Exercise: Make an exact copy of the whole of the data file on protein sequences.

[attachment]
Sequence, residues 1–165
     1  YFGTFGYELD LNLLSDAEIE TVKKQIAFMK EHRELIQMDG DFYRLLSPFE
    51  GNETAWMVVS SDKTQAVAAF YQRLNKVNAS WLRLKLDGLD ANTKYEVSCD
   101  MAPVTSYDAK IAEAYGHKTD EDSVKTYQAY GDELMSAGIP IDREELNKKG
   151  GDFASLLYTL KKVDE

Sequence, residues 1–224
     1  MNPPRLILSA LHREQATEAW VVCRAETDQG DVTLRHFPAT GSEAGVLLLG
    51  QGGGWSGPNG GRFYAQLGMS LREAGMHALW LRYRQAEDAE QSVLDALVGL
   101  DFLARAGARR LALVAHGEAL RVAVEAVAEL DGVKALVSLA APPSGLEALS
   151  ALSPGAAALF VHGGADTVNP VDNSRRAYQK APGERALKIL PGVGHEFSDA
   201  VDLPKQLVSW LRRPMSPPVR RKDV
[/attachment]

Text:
Sequence, residues 1–165
     1  YFGTFGYELD LNLLSDAEIE TVKKQIAFMK EHRELIQMDG DFYRLLSPFE
    51  GNETAWMVVS SDKTQAVAAF YQRLNKVNAS WLRLKLDGLD ANTKYEVSCD
   101  MAPVTSYDAK IAEAYGHKTD EDSVKTYQAY GDELMSAGIP IDREELNKKG
   151  GDFASLLYTL KKVDE

Sequence, residues 1–224
     1  MNPPRLILSA LHREQATEAW VVCRAETDQG DVTLRHFPAT GSEAGVLLLG
    51  QGGGWSGPNG GRFYAQLGMS LREAGMHALW LRYRQAEDAE QSVLDALVGL
   101  DFLARAGARR LALVAHGEAL RVAVEAVAEL DGVKALVSLA APPSGLEALS
   151  ALSPGAAALF VHGGADTVNP VDNSRRAYQK APGERALKIL PGVGHEFSDA
   201  VDLPKQLVSW LRRPMSPPVR RKDV